Organic search results get underestimated because ranking highly is rarely a sure thing – even for the biggest companies. Meanwhile, paid search ads are built around driving results without uncertainty.

Despite this, there is actually a very simple reason you should invest in organic search optimization.

Organic search results drive more than twice the traffic compared to the next leading traffic source. Compared to paid ads, organic search results drive more than 5x the traffic to websites.

At the end of the day, the majority of search results still result in a user clicking an organic link from regular search results. So while it may seem riskier, investing in search engine optimization has the chance for much larger rewards.

Better SEO Means Better User Experience

Every brand wants its website to provide the best user experience possible. A positive user experience increases the likelihood of driving conversions, while negative user experiences can sour people on your company entirely.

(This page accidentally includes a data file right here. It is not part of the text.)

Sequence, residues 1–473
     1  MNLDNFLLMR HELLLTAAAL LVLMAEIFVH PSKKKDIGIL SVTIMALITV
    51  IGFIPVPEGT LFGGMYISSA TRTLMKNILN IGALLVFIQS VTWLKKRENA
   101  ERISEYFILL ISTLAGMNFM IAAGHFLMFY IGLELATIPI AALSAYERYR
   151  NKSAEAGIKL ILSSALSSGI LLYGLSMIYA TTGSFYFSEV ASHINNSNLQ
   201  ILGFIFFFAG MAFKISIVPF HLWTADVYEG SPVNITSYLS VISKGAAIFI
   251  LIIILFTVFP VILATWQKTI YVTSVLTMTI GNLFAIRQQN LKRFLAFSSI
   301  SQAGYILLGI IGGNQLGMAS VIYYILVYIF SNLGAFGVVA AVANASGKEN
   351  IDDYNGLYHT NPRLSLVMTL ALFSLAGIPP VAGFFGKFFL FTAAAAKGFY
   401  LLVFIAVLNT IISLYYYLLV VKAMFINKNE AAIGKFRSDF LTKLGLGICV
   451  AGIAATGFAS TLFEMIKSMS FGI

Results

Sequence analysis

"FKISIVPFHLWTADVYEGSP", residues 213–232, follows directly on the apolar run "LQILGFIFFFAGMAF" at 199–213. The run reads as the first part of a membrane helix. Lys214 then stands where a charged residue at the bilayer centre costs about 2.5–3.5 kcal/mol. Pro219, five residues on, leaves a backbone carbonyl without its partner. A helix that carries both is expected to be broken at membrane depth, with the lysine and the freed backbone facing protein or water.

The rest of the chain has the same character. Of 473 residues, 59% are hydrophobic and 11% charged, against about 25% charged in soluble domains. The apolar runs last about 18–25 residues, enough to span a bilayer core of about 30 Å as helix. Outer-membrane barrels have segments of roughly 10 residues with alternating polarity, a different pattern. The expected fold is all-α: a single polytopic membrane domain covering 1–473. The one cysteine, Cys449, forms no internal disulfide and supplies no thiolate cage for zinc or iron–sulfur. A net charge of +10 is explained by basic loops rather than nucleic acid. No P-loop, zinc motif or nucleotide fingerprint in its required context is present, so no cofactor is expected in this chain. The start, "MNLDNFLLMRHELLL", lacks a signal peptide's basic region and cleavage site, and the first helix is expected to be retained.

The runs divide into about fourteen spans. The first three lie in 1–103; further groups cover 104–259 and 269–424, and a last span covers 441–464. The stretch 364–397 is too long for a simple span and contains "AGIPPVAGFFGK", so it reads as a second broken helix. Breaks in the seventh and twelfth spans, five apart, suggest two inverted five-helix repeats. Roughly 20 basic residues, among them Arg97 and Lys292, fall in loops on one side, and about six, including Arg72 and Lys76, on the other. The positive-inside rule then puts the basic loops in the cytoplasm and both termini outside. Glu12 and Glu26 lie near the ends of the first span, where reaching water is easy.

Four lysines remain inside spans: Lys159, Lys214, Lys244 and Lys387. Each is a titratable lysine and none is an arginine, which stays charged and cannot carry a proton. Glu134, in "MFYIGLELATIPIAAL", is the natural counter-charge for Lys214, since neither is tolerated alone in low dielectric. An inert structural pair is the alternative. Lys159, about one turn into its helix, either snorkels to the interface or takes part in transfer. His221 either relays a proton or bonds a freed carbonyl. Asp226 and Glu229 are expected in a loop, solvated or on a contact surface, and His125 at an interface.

So, it should come as good news that the majority of SEO practices are intended to improve user experience in a variety of ways including speeding up your site, making it easier to use, and improving accessibility.

By ensuring you are optimized for search engines, you are also investing in improving your site for the real potential customers who will soon be visiting.

SEO Is a Process That Is Always Changing

Companies looking to save some cash on SEO will have an easy time finding dozens of cheap SEO packages across the web. The problems with the packages are numerous, but the biggest red flag is the assumption that SEO is something you do once.

In reality, SEO is something that needs to be done regularly to have a real impact.